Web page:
by Nico Isaac
Updated: August 18, 2017
Welcome to "Friday Favorites," a last-day-of-the-workweek segment where we showcase one of our most prized market forecasts, Elliott wave patterns, trading lessons, technical tools, and so on.
Today -- Friday, August 18 -- we've asked our chief commodities analyst Jeffrey Kennedy to pick his favorite of all Elliott wave patterns. For Jeffrey, the choice was simple -- the ending diagonal.
Here, in "Visual Guide to Elliott Wave Trading," the 2013 Amazon Finance best-seller he co-authored, Jeffrey explains his passion for the ending diagonal:
"If there is one Elliott wave pattern to get excited about trading, it's an ending diagonal. This pattern is rare in markets... It's a terminating pattern that shows up in the fifth wave position of impulse waves and the wave c position of A-B-C formations.
"Once an ending diagonal terminates, get ready for a swift and sharp reversal in price. That sharp reversal is what makes this wave pattern my favorite … While a triangle forewarns that the end is near, an ending diagonal lets you know the end is at hand."
"The guideline for entry and initial protective stops for ending diagonals: wait for a break of the extreme of wave 4 before taking a position and place the initial protective stop at the extreme of the price move. Remember, these entry techniques demonstrate a conservative approach that I think of as 'ready, aim, aim, aim... fire' trading."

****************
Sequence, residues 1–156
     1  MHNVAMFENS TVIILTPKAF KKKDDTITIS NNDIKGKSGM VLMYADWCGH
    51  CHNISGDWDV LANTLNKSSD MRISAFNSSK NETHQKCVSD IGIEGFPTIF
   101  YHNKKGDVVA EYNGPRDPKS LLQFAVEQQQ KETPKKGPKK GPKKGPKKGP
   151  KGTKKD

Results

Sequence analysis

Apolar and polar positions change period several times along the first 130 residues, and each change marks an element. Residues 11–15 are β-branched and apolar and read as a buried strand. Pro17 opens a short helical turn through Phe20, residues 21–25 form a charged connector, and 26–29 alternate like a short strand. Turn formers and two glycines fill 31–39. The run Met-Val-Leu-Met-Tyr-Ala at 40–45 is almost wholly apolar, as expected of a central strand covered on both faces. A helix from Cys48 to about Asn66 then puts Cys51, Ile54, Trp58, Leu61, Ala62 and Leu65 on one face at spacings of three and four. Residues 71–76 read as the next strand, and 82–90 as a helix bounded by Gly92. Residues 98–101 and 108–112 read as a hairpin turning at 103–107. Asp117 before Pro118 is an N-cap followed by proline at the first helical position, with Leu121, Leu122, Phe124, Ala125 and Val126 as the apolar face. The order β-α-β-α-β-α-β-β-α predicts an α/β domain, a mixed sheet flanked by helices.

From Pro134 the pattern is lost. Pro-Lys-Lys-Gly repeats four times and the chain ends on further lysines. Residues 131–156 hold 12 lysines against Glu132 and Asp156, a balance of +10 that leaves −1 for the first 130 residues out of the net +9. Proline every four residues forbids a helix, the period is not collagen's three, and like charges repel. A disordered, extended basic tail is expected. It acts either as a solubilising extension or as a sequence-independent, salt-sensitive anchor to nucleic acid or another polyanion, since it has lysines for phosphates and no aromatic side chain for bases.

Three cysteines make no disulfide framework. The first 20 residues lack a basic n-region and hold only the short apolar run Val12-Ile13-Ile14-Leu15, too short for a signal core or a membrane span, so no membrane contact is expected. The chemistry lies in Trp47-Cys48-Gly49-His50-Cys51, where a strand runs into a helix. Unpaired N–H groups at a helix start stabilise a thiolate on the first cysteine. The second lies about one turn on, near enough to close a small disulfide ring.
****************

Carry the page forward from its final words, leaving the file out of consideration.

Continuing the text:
Now that you understand what an ending diagonal is, and where to "conservatively" place entry points and protective stops within one, let's see how Jeffrey uses this pattern to identify potential trend changes for an actual, real-world market.
The market is soybeans. And the time is late 2012. Back then, soybean prices had been on an epic bull-market journey to all-time highs. It was then that Jeffrey spotted a multi-year ending diagonal pattern come into full focus on soybeans price chart.
In his September 2012 Monthly Commodity Junctures, Jeffrey alerted his subscribers to the massive downside potential for soybean prices in the very near future and wrote:
"The multiyear Elliott wave pattern that calls for an extensive sell-off is an ending diagonal (Chart 1) ... It's possible that this Soybeans pattern, which began 13 years ago, ended this month at 1789. If so, the price of Soybeans should not only easily exceed the June low of 1244 ¾, but the December 2011 low at 1094 ¼ should give way as well. That's because sharp, strong moves follow ending diagonals."
The next chart captures the dramatic fashion in which soybean prices plummeted from record highs in a gut-wrenching, 50%-plus, 4-year bear market selloff.
Let's review the traits of the ending diagonal:
All in all, it's easy to see why Jeffrey Kennedy chose this rare, yet highly rewarding pattern as his favorite. And, every day, he watches price charts of the world's leading commodity markets to see which of the dozen-plus Elliott wave patterns emerge to signal a high-confidence opportunity ahead.